That leads me just to this last point: that these men who died had a great vision of a warless world. I wrote to fifty soldiers once and asked, "What took you overseas?" I wrote to privates and I wrote to Generals. Thirty-eight out of the fifty wrote back and said, "I believed when I went overseas that I was going over to end war." We all know we didn't do it. We all know, what I think was said so splendidly by Lord Astor in an article he sent me just this very week. I want do read it to you. He said: "If we go to war again it' may be too late to learn that civilization can never be preserved and expanded by arms and warfare, but by goodwill, true neighbourliness and cooperation. In spite of all that has happened, the British people will be well advised to keep alive the great idea in the League of Nations."
I would quote to all of the returned men who hear my voice the words of Haig, which he spoke to the World Conference of Returned Men: "I urge you to join in a crusade having for its object the freedom of the whole word from the devastating scourge of war."
I take it that that does not mean passivism, but a militant spirit against international injustice, greed--in short, a crusade to create the spiritual qualities in men and thus in nations by which the natural outflow would be a peace, aggressive for the development of all the world. I am so glad that the Vimy Memorial expresses that thought.
I say this, in all sincerity, of aft the people in the world who have hated war, they have not been pacifists but soldiers. No soldier who lived in those trenches for any length of time could see anything else but the awfulness of war.
So, it would appear to me today, if we are to build up true and lasting memorials to these men we must not lose sight of those great principles and those great ideals we have been struggling for the last twenty years. We are prone to push them away too far on the horizon. These men rise up today to call upon every Canadian citizen to stand for those principles of world co-operation and world fellowship and world understanding by which the new day alone can come. Plato once said, "You never get anywhere if you go along mistaking occasions for causes," and we have found that out, I am sure, in the last two years. You can't legislate people into being good. You can't make nations warless by passing resolutions or changing treaties. You can only make people warless by creating that heart, that spiritual heart that makes love, justice, goodwill and neighbourly interest and makes them feel that the most futile thing in the world is to abrogate the reason and let the arbitraments of arms be the way to settle international disputes.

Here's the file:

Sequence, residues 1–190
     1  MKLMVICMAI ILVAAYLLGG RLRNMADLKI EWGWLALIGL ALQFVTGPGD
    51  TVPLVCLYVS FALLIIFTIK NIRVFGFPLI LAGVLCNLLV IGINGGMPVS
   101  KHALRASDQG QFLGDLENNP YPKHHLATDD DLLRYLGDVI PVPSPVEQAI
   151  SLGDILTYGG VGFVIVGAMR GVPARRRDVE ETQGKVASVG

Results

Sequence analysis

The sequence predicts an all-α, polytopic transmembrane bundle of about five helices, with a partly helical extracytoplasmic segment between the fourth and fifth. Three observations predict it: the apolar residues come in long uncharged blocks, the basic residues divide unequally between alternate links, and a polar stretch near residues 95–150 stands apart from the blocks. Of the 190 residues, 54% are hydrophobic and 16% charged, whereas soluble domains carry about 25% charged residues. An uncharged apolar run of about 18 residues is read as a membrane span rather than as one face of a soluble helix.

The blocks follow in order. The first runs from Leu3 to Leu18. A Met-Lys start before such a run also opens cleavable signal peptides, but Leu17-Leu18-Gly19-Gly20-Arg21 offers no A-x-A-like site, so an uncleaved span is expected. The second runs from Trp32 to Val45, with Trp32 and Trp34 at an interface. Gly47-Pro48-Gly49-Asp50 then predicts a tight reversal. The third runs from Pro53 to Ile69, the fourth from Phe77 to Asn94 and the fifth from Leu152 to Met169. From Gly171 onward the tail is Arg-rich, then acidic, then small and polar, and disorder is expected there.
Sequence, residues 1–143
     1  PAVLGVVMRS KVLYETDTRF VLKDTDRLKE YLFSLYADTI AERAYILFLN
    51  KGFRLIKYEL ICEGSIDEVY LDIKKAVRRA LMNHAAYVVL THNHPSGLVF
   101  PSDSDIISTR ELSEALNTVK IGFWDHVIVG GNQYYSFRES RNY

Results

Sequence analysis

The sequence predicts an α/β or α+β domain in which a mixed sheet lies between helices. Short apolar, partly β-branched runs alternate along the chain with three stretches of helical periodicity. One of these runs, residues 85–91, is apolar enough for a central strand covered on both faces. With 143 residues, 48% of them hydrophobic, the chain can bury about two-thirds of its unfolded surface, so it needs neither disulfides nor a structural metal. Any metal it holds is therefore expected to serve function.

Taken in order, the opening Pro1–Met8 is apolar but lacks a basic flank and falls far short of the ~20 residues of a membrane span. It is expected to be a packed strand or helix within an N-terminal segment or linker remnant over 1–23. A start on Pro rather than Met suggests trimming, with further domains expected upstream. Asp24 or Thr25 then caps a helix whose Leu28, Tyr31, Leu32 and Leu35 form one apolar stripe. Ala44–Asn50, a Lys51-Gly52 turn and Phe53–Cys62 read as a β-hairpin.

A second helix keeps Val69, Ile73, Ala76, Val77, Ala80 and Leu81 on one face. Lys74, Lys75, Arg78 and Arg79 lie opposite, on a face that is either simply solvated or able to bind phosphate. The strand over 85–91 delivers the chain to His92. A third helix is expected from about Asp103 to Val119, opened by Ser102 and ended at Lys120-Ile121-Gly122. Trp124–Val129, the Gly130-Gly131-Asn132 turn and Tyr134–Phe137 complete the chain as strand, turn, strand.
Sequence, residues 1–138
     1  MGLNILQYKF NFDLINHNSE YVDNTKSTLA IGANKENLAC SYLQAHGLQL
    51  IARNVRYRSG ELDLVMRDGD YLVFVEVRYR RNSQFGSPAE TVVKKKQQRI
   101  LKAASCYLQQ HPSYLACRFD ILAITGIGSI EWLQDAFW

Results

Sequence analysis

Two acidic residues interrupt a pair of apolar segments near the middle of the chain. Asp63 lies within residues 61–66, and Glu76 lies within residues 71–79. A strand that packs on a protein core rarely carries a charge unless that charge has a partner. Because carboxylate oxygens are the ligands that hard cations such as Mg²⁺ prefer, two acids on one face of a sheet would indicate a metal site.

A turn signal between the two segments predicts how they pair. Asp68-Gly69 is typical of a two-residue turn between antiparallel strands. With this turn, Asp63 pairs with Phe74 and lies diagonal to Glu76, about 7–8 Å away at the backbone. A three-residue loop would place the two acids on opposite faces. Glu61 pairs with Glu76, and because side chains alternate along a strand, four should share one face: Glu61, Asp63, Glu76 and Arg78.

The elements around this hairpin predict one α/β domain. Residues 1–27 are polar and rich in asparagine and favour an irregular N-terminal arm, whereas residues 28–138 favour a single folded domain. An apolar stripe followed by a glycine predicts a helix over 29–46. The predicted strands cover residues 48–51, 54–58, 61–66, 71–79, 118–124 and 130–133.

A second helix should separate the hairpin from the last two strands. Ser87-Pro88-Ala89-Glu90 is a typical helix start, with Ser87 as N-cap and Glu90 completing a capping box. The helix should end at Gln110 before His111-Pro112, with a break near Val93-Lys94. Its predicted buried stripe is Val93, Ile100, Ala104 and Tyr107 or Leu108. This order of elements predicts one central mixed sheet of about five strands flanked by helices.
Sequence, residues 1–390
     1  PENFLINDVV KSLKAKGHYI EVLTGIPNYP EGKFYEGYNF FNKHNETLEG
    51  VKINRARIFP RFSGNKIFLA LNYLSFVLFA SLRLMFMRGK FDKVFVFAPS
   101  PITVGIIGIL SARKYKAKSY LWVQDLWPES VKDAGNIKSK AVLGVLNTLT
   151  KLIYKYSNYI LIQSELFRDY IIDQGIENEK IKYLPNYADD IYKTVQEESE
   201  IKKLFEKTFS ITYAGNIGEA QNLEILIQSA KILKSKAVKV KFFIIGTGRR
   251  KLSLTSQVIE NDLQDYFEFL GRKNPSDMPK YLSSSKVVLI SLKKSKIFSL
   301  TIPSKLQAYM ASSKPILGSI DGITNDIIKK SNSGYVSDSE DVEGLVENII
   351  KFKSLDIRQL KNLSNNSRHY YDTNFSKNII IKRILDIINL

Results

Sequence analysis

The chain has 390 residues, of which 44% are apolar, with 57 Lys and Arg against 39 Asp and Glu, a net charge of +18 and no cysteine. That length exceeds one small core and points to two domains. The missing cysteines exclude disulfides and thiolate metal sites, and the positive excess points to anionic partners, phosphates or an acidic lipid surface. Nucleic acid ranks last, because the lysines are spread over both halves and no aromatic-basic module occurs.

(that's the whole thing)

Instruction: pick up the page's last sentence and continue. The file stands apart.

I congratulate Mr. Allward on having put in the Vimy Memorial the spiritual ideas of world fellowship the men had in those days.
May I close with a final word on peace and war. I had the very great honour of the friendship of John McCrae. John McCrae wrote a poem, a sonnet that shall live as long as the English language lives. Talking to him one day, he said, "People misinterpret that poem of mine where I say, 'Take up our quarrel with the foe.' I did not mean Germany. I meant all those spiritual forces in the world that would make war possible in any age and generation." So, I say to you, in the name of John McCrae, take up that torch that those men threw to us, with failing hands they threw them. I think we are not going too far when we say that "They shall not sleep, though poppies grow in Flanders Fields," if we do not pursue their ideal, if we do not make their dreams come true that they had for this land that they loved, that they sacrificed for arid for which they died.
(Applause, prolonged.) THE PRESIDENT: Colonel Fallis, may I thank you on behalf of all who have heard you today for this description which has brought back twenty years ago and from you, who have seen so much of it first hand, the character of the fighting troops of that war. You have indeed given us a great privilege in giving this address in which you have so well related to us your own experience. You have also, I think, given us a responsibility to take to heart the lessons which you have so well drawn from those conditions which you then observed and to digest those lessons and to do what we can to spread that propaganda. I thank you very much for coming here today; Colonel, and we would like to hear from you again sometime. (Applause.)